Frank Cintamani, founder of the Asian Couture Federation, said in his experience, Chinese consumers aren't ultimately swayed by a brand's origins. "[They] are looking for quality, they are looking for innovative design and they are looking for value, rather than where a designer is from," he said.https://www.instagram.com/p/BTo2P36DtgY/?taken-by=yiqingyinSome brands, at least in the case of Shanghai Tang, aren't able to convey an authentically Chinese message. Its most recent creative team was headed up by Europeans, who commuted between France and Hong Kong, which probably did it no favors."[Chinese shoppers] don't want to continue to look at designs of so-called Chinese-style fashion through the perspective of the Westerner and the romantic vision of Chinese culture," said Joanne Ooi, who once served as creative director of the brand. "That has always been the problem."That stands in contrast to the success of Chinese haute couturiers Guo Pei and Yiqing Yin — both have been invited to the Chambre Syndicale de la Haute Couture. Guo said in February that she would begin designing a ready-to-wear line too.For Qeelin and Shang Xia, it could come down to more of an issue of time to establish oneself.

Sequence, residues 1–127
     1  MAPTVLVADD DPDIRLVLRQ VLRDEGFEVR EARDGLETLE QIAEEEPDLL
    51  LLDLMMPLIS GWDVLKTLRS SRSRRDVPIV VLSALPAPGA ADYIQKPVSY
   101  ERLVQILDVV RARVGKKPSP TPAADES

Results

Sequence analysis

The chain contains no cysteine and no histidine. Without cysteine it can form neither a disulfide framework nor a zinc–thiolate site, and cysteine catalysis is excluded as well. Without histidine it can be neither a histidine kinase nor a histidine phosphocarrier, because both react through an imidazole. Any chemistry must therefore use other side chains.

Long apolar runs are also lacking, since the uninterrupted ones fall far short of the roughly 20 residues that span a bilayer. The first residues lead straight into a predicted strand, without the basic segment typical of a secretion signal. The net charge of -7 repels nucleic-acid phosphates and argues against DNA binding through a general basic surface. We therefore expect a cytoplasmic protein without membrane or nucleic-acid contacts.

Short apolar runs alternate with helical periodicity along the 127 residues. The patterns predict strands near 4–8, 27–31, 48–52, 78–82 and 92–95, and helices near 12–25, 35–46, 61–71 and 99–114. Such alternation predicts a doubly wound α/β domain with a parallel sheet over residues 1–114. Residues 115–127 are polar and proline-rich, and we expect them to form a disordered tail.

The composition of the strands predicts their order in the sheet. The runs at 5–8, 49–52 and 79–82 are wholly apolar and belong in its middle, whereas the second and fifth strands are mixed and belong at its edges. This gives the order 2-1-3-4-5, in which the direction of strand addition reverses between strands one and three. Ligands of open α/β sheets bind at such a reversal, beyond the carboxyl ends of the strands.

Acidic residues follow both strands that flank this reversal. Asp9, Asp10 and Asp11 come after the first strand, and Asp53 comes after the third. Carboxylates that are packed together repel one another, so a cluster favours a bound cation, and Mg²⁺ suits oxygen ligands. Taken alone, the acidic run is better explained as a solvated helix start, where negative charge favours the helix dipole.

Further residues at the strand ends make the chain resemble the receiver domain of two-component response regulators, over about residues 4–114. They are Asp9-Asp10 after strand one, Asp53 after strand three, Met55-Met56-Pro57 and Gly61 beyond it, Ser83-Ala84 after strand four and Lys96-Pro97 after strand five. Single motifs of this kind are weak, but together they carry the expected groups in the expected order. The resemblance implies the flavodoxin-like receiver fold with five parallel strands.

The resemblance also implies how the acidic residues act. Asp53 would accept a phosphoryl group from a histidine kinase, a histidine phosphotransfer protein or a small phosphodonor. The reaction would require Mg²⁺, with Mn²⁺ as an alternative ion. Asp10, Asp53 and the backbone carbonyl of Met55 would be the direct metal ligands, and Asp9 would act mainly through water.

Louis Houdart, the founder of China-based brand agency Creative Capital, said, "In luxury, either you have 100 years of history and expertise in something — Hermès, for example, is known for leather, horses — with a fully owned supply chain, or a star designer like Christian Dior, Marc Jacobs, or eventually the combination of both."
Shang Xia offers high-quality Chinese craftsmanship in apparel and home goods; however, its workforce is not exclusive to them. "This is very different from Hermès, where all the craftsmen work exclusively for Hermès in their own atelier," Houdart said. "It would probably have been easier, faster and cheaper for Hermès to purchase an older silk factory in Suzhou and relaunch it."
@deciem is all about transparency and approachability. At this year’s WWD Digital Beauty Forum, the brand's co-CEO @nicolakilner said talking to customers directly about the ingredients in products and how they work is key. #wwdsummits #wwdbeauty
‘We didn't know how relevant our film would be when we were making it. When Steven [Rogers] wrote the script Trump wasn't president, class divide in America wasn't as evident as it is now, though it was present. The Time’s Up movement hadn't began and the way we look at women and treat women who speak out — thankfully that is something that seems to have shifted in the last year. I think we just need to continue making art that provokes the conversation and do what we can,’ said ‘I, Tonya’ actress @margotrobbie. Head to WWD.com to see all the celebrities who walked the red carpet @bafta #timesup #wwdeye (📸: Neil Hall)
Gemma Arterton is joined on the @bafta’s red carpet by Eileen Pullen and Gwen Davis, the two women who started the fight for the pay-gap. ‘They represent a normal person speaking out for what is right. Speak out, we will listen and anyone can speak out,’ said Arterton. #eebaftas #timesup #wwdeye (📸: David Fisher)